Three hundred people gather at the Trade Center this week to hear the oaths of office from 23 people holding office in Hamilton County, from sheriff and county mayor to school board members.
By David Tulis / 92.7 NoogaRadio
It’s easy for lookers-on and people hearing about the event in the evening news to believe such events are mostly honorific mostly ceremonial, full of self-importance and form over substance, just for show. Yes, officials are sworn in, they are inaugurated; so what does it matter, and why would anyone care?
The event serves a religious function about ultimate causes and ultimate responsibility for the right use of power and authority pursuant to Romans 13, which reminds us that the ministry of grace exists, as well as the ministry of the sword — that of justice and retribution.
The taking of oaths in a public forum reminds everyone that within and above the world and its people is an external power that compels obedience to one’s oath, and through it obedience to the law, a power that guarantees the oaths of office-seekers who are now office-takers.
Violating an oath is easy. Fierce temptations are all about, dissuading one to stop respecting existing law and insensate convenience Plan B. One pursues one’s ease. One’s pleasure. One’s avoidance of conflict among professional colleagues of the same rank in ignoring one’ vows and doing what is easy in office.
Asked why oaths are administered particularly and not as a group, register of deeds Mark Gravitt said that the oaths differ because offices and jobs differ. A tax assessor’s oath has different substance than a school board member’s. Bill Knowles, the county clerk entering his 12th four-year term, demurred on the question of why individual oaths. “I did not have any part in the planning of the ceremony so I can’t answer that. Mayor Coppinger could probably answer that.”
The answer is that oaths of office are individual, are never a “we” but an “I” in the making of them. So oaths are made singly bind the human heart individually.
And on Bibles, often. Sheriff Jim Hammond had his red-leather Bible with him upon which he vowed to honestly protect the court and its function. Not one of the 23 taking office insisted on making an affirmation in lieu of an oath. Rev. Anne Weeks made an invocation and Dr. Jeffrey T. Wilson made the benediction — all claiming divine providence to sanctify the proceedings.
To establish the oath as a record, it is done on a podium before a crowd, and also recorded in writing. Two deputy clerks, Carrie Godwin and Brooke Weaver, were tasked with collecting signed oath sheets with the swearer’s signature, and that of a witness, usually the party administering the vow.
Oaths as enforcer
The event downtown highlights the importance of oaths before God in American politics, and the prospect of enforcement of constitutional government by the people through the oath.
Swearing-in ceremonies are heavily invested with claims about God and ultimate authority. When the judge puts his hand on the Bible, his other hand raised to invoke God, and the new official swears to support the constitution, he is declaring that whatever faults the constitution might have, he will obey its provisions under God’s perfect authority and law, that its rules control his hands and feet, rule over his edicts, memos, directives, policies and official will — and all in the presence of God.
Whatever weakness may reside in constitutional provisions, the judge or commissioner lays these aside and stands before God with a promise made to Him and before the people that he will obey these provisions. The usual direction of these oaths is that the people and their prosperity will be preserved against all disorder, crime, malfeasance and injustice through the person at the officeholder.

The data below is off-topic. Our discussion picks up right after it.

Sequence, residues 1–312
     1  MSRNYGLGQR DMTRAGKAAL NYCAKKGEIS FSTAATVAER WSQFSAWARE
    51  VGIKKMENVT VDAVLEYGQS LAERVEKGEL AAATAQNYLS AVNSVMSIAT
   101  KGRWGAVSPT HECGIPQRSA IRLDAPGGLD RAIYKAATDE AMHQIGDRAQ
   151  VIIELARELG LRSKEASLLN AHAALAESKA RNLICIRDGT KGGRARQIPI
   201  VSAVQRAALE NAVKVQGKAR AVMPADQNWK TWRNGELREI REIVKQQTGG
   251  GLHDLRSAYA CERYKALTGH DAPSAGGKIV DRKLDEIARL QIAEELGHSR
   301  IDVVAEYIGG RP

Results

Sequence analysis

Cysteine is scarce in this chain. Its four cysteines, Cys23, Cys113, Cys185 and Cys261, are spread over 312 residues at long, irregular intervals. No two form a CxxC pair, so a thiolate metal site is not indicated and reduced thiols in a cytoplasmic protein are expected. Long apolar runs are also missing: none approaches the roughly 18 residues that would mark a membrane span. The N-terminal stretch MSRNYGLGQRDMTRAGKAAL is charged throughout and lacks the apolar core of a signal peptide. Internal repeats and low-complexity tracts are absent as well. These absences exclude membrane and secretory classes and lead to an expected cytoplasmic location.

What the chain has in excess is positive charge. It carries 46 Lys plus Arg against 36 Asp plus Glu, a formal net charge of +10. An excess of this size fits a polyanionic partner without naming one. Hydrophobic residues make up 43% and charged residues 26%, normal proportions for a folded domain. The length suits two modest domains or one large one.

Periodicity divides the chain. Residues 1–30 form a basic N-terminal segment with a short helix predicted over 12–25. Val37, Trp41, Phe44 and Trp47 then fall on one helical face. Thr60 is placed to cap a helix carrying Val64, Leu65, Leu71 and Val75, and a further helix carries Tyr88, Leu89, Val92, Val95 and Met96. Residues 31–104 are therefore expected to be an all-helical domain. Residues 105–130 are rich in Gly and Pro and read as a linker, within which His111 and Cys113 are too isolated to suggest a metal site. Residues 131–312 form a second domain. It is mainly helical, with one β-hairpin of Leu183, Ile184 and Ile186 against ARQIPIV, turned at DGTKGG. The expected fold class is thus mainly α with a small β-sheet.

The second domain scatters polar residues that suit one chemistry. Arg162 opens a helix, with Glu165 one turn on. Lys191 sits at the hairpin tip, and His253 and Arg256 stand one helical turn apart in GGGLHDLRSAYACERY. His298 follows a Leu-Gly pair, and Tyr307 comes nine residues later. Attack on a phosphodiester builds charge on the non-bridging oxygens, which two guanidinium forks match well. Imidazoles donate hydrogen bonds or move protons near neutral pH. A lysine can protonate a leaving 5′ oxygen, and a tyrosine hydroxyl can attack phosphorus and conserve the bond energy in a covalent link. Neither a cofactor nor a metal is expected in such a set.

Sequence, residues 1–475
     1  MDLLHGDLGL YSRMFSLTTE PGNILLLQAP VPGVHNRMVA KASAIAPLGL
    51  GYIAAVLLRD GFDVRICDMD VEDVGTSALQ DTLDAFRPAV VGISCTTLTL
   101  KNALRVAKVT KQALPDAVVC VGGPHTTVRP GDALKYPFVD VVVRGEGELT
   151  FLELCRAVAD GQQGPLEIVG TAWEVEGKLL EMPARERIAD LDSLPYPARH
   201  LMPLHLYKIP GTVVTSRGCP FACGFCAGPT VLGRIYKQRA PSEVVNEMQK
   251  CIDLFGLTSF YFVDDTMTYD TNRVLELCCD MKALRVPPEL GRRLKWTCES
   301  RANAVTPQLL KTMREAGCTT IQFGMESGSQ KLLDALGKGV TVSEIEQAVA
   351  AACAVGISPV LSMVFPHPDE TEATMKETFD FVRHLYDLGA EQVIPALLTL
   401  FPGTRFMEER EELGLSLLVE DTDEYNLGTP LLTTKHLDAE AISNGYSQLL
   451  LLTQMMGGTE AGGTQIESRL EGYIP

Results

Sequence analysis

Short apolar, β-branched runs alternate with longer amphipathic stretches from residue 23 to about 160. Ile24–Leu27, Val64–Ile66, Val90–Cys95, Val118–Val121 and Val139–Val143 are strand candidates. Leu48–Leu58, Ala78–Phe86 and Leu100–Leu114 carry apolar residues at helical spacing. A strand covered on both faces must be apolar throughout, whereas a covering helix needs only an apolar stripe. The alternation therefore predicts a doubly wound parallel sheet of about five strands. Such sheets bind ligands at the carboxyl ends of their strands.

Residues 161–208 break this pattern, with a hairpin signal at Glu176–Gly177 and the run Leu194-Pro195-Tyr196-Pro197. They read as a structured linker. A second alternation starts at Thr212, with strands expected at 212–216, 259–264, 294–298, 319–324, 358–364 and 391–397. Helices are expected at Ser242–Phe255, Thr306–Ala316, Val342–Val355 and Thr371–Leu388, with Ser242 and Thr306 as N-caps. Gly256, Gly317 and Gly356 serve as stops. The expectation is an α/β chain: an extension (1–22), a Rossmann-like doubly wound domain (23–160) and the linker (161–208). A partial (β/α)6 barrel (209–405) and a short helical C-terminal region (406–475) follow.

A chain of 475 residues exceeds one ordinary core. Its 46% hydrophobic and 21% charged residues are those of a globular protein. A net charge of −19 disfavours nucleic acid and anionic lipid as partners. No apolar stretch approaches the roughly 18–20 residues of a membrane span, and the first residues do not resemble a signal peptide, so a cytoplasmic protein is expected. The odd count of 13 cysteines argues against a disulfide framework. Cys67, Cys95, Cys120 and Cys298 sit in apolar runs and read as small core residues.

The oath is a thing by which the people, mindful of their liberties, might use to bring an errant official into conformity with the law.
The oath is a handle, the mechanism, the means by which a judge or commissioner is held to account.
When Bill Knowles took the oath the last time he was re-elected, he swore to uphold the constitution of Tennessee, come what may.
And a gay shadow fell across the land, that being an opinion out of the federal judiciary, Obergefell vs. Hodges, which purported to level all statutory constitutional structures across the United States and to neutralize the biblical ethic of marriage reflected in many state constitutions, including Tennessee’s.
It alleged a right in marriage by people who are homosexual and cannot partake of marriage, so insist on the next best thing, to obtain use of the manmade statutorily constructed or judge-imposed simulacra of that creational union between Adam and Eve. Until Obergefell, states’ laws coincided with God’s law, though states seized from God and from their citizens the right of marriage and converted it into a pretended state privilege. States made marriage subject to license. With Obergefell, the coincidence of state marital schemes with scripture and God’s law was destroyed.
Obergefell fell across the landscape of American county courthouses like a thunderclap, levitating all marriage law away from clerks who’d vowed to support it, separating them from their promises, acting like a neutron bomb to destroy all life in statute touching on marriage, but leaving the lines of type on the page as if they were empty shells, empty words now without meaning, mere gibberish of no significance, mere carcasses of phrases beating no blood of meaning.
Like a neutron bomb that destroys all inhabitants of a city, but leaves the buildings intact, Obergefell pretended to vacate constitutional marriage amendments and state laws on marriage to reorganize human society top down, as progressive socialist theory of the GOP and Democrats requires.
One hundred percent of American county clerks complied — except one in Kentucky.
Perilous forward-looking vows
Mr. Knowles and the other 22 people this week make not standard oaths to tell the truth, as in a court case. They made promissory oaths — forward-looking oaths.
They obligate themselves to not throw a law aside, to not enforce a new regime of their own wills or their own permission. They are debtors to owning their promises to uphold the law. Promissory oaths are dangerous, because they project into the future obedience to a promise made today in which future circumstances are unknown.
A county clerk, on taking an oath to uphold the constitution’s marriage amendment prior to Obergefell, made such an oath. His oath the day of his swearing-in ceremony hung over his head, a threat and a promise, demanding performance.